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Kinetics of circulating antibody response to Trichomonas vaginalis: clinical and diagnostic implications
  1. Phuong Anh Ton Nu1,
  2. Paola Rappelli2,
  3. Daniele Dessì2,
  4. Vu Quoc Huy Nguyen3,
  5. Pier Luigi Fiori2
  1. 1Department of Parasitology, Huè University of Medicine and Pharmacy, Huè City, Vietnam
  2. 2Department of Biomedical Sciences, University of Sassari, Sassari, Italy
  3. 3Department of Obstetrics and Gynecology, Huè University of Medicine and Pharmacy, Huè City, Vietnam
  1. Correspondence to Dr Pier Luigi Fiori, Department of Biomedical Sciences, University of Sassari, Viale S. Pietro 43B, Sassari 07100, Italy; fioripl{at}


Objectives Persistence of antibodies against pathogens after antimicrobial treatment is a marker of therapy failure or evolution to a chronic infection. The kinetics of antibody production decrease following antigen elimination is highly variable, and predicting the duration of soluble immunity in infectious diseases is often impossible. This hampers the development and use of immunoassays for diagnostic and seroepidemiological purposes. In the case of Trichomonas vaginalis infection, the kinetics of antibody levels decrease following therapy has never been studied. We thus investigated the clearance of circulating anti-T. vaginalis IgGs after pharmacological treatment in patients affected by trichomoniasis.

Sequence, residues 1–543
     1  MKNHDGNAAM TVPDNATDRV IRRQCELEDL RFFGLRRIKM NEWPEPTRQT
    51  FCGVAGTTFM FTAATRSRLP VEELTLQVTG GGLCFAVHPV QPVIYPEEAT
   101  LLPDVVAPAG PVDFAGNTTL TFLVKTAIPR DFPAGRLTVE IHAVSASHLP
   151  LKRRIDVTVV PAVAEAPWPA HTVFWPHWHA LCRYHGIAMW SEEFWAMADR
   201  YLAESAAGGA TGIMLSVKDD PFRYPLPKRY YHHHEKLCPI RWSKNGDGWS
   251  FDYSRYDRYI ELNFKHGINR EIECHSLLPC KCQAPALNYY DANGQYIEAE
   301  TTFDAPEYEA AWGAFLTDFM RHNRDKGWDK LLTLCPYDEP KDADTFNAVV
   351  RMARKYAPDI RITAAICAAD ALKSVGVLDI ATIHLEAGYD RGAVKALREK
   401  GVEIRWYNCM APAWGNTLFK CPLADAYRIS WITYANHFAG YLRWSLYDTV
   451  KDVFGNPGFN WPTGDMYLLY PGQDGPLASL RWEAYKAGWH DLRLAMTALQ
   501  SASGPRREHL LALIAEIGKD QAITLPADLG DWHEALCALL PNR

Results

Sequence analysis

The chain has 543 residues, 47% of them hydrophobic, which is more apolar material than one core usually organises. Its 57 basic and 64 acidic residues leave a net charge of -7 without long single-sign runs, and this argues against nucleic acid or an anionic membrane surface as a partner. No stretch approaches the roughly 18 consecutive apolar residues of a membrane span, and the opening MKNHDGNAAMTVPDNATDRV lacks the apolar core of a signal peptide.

Methods 18 female patients affected by acute trichomoniasis were enrolled in this study. After metronidazole therapy administration, subjects were followed up monthly up to 5 months, and serum levels of anti-T. vaginalis IgGs were measured by ELISA.

Results We showed that a successful therapy is characterised by a relatively fast decline of specific antibodies, until turning into negative by ELISA in 1–3 months. In a few patients we observed that the persistence of anti-T. vaginalis antibodies was associated with an evolution to chronic infection, which may be due to treatment failure or to reinfection by untreated sexual partners.

Conclusions Our results describe the direct correlation between the decline of a specific humoral anti-T. vaginalis response and an effective antimicrobial therapy. These findings may facilitate the follow-up approach to circumvent limitations in developing new diagnostic tools and techniques routinely used in microbiology laboratories to assess the presence of T. vaginalis in clinical samples.


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